SCott Jurek

Photo taken from Twitter.com

Jurek is known for his victories in nearly every elite ultra trail and road event. He is most commonly recognized for his seven straight victories at the Western States 100 Mile Endurance Run, his record-breaking Badwater 135-mile Ultramarathon win, and his historic 153-mile Spartathalon win.

Jurek explains the importance of eating carbohydrates prior to a run, eating carbohydrates during a run that is longer than 90 minutes, and eating protein 30 minutes after a run to restore your energy levels and avoid fatigue.

Jurek follows a whole foods plant-based diet, and suggests that runners eat a variety of organic whole foods such as grains, legumes, green vegetables and fruits.

Running

In reaction to reading Mr. Jurek’s book, and seeking guidance from other professional runners, I created this training guide to prepare for long runs:

Day before:
Avoid carbo-loading the night before.
Instead, focus on fueling your body on quality protein, unsaturated fats and carbohydrates throughout the day.
Your body will store the protein, fats and carbohyrates and utilize them the following day.
Also make sure to allow the body proper time to digest all of the food you eat, prior to race morning. In other words, try not to eat too late at night.

A sample pre-race day, or pre-long run, meal for me would include:
Organic brown rice
Black beans
Avocado
Tomato
The day before I also snack on different fruits and nuts between meals.

Morning before: Before embarking on a long run it is best to wake up at least 30 minutes to one hour before running to allow yourself to eat and digest the food.

Each runner’s stomach will handle foods and digestion differently, therefore trial and error is key – the same goes with foods eaten during the run.

Carbohydrates are key the day of a run.

istock_000017061174small

My pre-run meal often consists of a piece of cinnamon raisin Ezekiel toast with peanut butter and a banana or orange. If I wake up early, I will eat a small bowl of oatmeal with organic blueberries.

During the run: A runner only needs to consume food if they are partaking in exercise longer than 90 minutes.

If running for longer than 90 minutes it is best to eat every 30 minutes, or so, to fully restore the body’s glycogen levels.

Most professional athletes suggest eating at least 30 grams of carbohydrates every 30 minutes.

Jurek created a conversion that meets each runner’s specific needs through relying on the runner’s weight.

The runner’s body weight, divided by 2.2, multiplied by .7, equates to the amount of carbohydrates consumed while running.

Jurek’s conversion: (Body weight/2.2) x .7 = grams of carbohydrates

I weigh 130 pounds, therefore my conversion would appear as; (130/2.2) x .7 = 41.4.

What to eat on the run:

Many runners reach for sports gels to meet their carbohydrate needs while exercising.

I opted for the natural whole foods remedies.

A few examples of foods I consume while running include;
Bananas
Figs
Organic fruit baby foods
Dates

While running I eat one item every 30 to 40 minutes and drink water after every mile.

sproutbabyfood

Photo take from: livingrichwithcoupons.com

Angela’s Tip:
Bananas are a common go-to food for me while running. I often peel the banana right before the run and place it in a plastic bag untouched. I will mush it up right before I eat it to allow easier digestion and carbohydrate absorption.

Post-Run: After completing a run it is time for the body to refuel, recover and prepare for the next run.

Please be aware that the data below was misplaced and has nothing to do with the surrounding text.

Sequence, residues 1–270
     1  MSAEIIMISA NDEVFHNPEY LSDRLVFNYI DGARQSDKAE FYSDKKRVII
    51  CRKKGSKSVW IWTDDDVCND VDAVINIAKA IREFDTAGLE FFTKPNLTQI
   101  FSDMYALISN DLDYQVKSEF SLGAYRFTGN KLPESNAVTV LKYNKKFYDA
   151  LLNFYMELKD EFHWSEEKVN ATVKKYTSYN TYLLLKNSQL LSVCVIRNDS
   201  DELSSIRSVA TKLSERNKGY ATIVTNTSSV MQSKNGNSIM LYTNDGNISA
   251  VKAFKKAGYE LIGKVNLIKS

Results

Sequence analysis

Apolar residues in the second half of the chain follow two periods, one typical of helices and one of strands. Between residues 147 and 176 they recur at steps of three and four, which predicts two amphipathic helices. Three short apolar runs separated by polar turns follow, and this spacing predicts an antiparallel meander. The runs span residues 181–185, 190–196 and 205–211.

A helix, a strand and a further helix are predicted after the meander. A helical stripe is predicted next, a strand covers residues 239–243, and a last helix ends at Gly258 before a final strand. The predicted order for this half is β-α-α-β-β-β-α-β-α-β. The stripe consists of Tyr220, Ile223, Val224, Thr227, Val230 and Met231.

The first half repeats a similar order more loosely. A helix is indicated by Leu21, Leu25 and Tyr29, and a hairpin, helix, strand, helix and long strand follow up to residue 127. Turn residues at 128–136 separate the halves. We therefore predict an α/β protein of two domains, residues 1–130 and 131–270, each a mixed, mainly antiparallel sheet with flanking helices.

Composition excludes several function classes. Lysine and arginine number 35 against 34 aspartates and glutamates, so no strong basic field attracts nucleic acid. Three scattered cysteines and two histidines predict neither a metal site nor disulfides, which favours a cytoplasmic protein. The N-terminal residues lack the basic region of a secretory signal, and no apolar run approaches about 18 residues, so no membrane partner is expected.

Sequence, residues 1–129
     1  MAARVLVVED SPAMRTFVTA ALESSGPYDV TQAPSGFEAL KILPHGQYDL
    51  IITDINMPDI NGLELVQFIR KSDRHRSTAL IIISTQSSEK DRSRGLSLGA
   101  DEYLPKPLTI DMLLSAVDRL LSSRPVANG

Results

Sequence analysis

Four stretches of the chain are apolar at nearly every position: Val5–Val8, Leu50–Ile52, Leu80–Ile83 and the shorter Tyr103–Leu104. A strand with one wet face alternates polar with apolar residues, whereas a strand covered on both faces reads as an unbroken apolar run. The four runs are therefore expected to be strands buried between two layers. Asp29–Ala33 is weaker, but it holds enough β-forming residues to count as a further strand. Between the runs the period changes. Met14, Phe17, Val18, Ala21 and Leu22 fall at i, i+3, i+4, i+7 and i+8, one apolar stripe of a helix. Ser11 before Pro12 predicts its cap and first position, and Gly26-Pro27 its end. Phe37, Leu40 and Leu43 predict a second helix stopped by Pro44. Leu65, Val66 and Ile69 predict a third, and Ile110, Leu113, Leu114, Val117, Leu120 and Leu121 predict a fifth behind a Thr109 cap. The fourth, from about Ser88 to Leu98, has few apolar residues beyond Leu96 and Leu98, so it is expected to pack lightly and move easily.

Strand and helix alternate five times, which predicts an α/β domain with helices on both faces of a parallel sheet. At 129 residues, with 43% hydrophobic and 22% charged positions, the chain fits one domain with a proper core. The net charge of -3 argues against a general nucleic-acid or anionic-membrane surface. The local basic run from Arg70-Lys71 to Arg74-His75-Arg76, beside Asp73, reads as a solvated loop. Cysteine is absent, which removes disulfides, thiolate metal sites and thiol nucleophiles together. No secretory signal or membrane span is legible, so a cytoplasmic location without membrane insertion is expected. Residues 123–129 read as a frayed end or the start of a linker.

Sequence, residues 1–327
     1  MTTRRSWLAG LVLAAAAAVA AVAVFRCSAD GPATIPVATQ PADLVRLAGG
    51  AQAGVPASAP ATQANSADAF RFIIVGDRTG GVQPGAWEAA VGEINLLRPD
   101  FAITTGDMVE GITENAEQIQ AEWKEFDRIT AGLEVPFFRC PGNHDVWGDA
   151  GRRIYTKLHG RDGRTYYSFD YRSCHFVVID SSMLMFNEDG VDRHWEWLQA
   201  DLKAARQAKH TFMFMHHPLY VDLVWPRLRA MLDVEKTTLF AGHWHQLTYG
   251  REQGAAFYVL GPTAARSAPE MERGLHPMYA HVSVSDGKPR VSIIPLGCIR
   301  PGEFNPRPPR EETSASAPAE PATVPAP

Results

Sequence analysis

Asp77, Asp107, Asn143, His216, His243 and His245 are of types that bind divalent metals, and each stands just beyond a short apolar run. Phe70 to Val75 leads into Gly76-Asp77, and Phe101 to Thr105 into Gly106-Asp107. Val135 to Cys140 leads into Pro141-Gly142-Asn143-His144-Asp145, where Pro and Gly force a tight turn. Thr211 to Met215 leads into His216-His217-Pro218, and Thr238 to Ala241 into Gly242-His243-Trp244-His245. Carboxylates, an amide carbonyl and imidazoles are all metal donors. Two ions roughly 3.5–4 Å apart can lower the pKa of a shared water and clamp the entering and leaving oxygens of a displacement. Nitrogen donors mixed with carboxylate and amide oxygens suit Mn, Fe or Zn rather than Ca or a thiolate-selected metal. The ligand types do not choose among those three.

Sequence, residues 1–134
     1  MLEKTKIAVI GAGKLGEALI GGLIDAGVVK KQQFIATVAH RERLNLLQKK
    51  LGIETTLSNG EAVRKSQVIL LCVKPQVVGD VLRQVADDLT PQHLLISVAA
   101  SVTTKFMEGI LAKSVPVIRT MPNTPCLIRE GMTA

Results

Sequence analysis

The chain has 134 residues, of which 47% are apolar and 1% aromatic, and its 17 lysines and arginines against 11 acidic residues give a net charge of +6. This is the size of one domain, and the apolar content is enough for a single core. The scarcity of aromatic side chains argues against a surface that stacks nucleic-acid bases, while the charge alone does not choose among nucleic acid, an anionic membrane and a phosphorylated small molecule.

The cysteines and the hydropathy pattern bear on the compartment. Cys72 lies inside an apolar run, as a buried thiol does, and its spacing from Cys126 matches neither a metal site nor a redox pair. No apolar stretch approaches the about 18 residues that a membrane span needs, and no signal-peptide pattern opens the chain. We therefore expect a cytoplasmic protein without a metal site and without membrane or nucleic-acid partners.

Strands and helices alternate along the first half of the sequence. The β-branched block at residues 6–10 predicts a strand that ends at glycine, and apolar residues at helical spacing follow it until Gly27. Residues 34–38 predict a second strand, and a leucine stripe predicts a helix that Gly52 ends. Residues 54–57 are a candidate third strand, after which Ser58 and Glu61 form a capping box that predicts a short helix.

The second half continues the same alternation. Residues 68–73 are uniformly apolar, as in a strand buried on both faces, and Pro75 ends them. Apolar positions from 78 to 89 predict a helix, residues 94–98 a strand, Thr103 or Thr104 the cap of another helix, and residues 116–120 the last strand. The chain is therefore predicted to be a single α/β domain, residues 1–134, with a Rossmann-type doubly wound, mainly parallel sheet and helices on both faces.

Physiologist Deborah Shulman concluded in an article on Active.com titled, “Get enough protein post-workout,” that it is important to consume carbohydrates and protein within 30 minutes of completing endurance exercise.

She explained that the nutrients consumed after exercise will fend off fatigue and promote recovery.

Ms. Schulman suggests that 20 grams of protein is optimal after completing an endurance exercise activity.

She said 20 grams can often be found in one scoop of protein powder.

What to eat after a run: Eating can be difficult after undergoing a sustained, difficult workout. My solution is to reach for a protein-packed smoothie.

I often consume one full cup of a protein smoothie after each run.

Angela 3

Photo courtesy of Angela Joy

My favorite post-run smoothie; Blueberry, banana and flax seed smoothie

  • Banana
  • Rice milk – you can use any kind of milk
  • Frozen blueberries
  • Hemp protein
  • One tablespoon of crushed flax seeds
  • One teaspoon of cinnamon

If you prefer a sweet smoothie, include one teaspoon of honey or maple syrup to the mix.

Finding Inspiration

A quote that gets me through long, strenuous runs is one of Jurek’s common phrases, “Sometimes, you just do things.”

The quote resonates with me to the fact that I don’t have a specific explanation of why I run other than the fact that I simply enjoy it.

Truly, we don’t need an explanation for why we do things that make us happy – it is just important that we go out there and do them.

Don’t worry about what people think or say – just do it.

I challenge you to go out and do something that you love for the simple reason that, “Sometimes we just do things.”

Blog Post Takeaway:

Healthy Food

Photo taken from:socialdashboard.com

Have you ever heard of the expression, “You are what you eat,” well, my motto is, “Your performance is only as good as the food that you eat.”

Therefore, make sure that you are eating well!

Thank you for taking the time to read this post. I hope it was helpful! Please share your feedback, comments, questions.

❤ Wishing you lots of love, joy and blessings

-Angela Joy

Information obtained from:

  1. http://running.competitor.com/2014/04/inside-the-magazine/the-long-run/the-long-run-eating-on-the-run_28754
  2. http://www.runnersworld.com/nutrition-for-runners/fueling-facts
  3. http://www.active.com/nutrition/articles/get-enough-protein-post-workout
  4. Eat & Run: My Unlikely Journey to Ultramarathon Greatness by Scott Jurek with Steve Friedman